At the battle of Shrewsbury, King Henry finds himself on the verge of defeat. The King finds himself at the mercy of Douglas’ hands, until Hal, in a very noble fashion, rescues his father and single-handedly defeats Douglas. The King is so much in awe by his son’s actions that he declares (to Hal) that “thou hast redeemed thy lost opinion,” (5.4. 46). Moments later Hal finally meets Hotspur, his foil, in one-on-one combat. Hal quickly deposes of the valiant Hotspur, the greatest opponent in the land, thereby deeming Hal the greatest hero in the land, and finally making him worthy of his title as Prince. Hal has undergone a remdemption.
That is, he has performed the actions necessary to justify his prior promise, to become a Prince. Therefore, bt the end of the play, Hal is a different individual. The witty, relaxed Hal from the Tavern is no more. Because he has redeemed himself, Hal is now a Prince and therefore, a member of the Court. He must act as a noble and disregard the tavern ties that gave him such a riotous reputation.
In Act 5.3, after the death of Blunt, it is affirmed that Hal of the Tavern is lost forever. Instead of joking(playing) with Falstaff, as he would have earlier in the play, Hal scolds Falstaff for trying to joke with him, “What is it time to jest and dally now?,” (5.3. 57). Hal, as a Prince, does not have the same time to fool around as he did when he did not accept his duty as Prince. He has become serious because of the great responsibility he gained from redeeming himself, prince. Therefore, Hal has lost connection with his ‘former’ Tavern self, and is now and forever a noble.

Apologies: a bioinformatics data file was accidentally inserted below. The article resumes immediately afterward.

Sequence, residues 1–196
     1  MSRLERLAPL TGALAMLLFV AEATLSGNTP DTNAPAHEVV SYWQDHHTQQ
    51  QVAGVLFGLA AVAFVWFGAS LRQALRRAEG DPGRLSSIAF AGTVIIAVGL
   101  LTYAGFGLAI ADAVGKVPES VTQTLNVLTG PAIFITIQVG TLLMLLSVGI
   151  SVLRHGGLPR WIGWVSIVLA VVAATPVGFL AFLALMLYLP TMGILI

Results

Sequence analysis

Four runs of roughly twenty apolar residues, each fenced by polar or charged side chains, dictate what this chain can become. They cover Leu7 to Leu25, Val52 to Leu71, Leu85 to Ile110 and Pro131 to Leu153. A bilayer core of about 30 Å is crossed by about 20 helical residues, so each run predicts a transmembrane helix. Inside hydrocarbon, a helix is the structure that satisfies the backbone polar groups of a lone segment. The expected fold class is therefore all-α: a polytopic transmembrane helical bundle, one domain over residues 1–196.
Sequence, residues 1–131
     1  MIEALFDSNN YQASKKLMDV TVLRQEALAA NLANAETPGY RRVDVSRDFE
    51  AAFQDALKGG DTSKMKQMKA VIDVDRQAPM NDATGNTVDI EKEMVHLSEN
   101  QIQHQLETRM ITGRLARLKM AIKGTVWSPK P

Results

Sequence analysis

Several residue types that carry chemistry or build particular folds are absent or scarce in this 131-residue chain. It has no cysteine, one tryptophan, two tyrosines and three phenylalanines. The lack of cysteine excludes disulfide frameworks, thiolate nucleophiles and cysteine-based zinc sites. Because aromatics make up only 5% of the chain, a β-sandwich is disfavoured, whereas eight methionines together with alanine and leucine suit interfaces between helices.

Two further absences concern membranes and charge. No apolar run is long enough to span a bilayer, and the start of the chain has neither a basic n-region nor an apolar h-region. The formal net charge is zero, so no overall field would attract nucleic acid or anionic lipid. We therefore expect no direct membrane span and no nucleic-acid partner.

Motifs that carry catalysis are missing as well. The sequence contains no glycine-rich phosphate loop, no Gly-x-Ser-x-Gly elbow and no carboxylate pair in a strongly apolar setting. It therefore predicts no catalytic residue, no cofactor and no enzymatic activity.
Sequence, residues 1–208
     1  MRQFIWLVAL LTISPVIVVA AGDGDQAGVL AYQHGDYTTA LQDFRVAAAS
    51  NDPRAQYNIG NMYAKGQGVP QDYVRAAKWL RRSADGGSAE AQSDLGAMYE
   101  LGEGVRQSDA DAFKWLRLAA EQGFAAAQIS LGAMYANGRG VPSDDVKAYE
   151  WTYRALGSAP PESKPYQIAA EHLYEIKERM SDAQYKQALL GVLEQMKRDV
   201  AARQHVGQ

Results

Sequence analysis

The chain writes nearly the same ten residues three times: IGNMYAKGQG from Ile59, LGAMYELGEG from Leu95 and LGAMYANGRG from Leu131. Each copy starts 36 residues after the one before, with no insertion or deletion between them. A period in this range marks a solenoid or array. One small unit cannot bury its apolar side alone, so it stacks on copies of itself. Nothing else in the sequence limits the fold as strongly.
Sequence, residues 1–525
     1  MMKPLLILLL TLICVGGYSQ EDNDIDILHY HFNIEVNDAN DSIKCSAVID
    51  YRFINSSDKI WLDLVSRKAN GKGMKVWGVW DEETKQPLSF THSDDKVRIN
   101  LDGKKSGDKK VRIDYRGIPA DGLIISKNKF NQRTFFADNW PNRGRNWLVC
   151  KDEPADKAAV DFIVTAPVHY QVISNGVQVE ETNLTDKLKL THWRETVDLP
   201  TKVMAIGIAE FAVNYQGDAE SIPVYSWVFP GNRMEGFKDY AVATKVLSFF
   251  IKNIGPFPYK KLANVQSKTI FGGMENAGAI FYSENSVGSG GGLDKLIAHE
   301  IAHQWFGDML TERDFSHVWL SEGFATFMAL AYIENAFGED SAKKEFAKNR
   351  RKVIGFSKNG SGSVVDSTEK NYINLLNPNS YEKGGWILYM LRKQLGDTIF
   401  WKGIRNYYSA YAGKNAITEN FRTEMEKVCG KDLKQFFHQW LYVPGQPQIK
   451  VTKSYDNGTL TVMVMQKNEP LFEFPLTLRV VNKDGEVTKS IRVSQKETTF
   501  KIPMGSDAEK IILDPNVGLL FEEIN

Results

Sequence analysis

The three distinct phases: realization, motivation, and action, each help characterize the transformation of Hal’s self throughout the play. Hal makes the realization in his soliloquy that he will have to redeem himself sooner or later. Hal is provided with motivation from his father’s words, which give fuel to his later action. Finally, Hal completes his redemption through the actions of defeating Douglas and slaying Hotspur. Hal has transformed himself from an undisciplined member of the Tavern to a hero of the Court. By redeeming the honor and responsibility of being Prince, Hal has consequently had to cut loose his Tavern ties, because he can not be a witty and relaxed individual if he wants to someday rule the nation.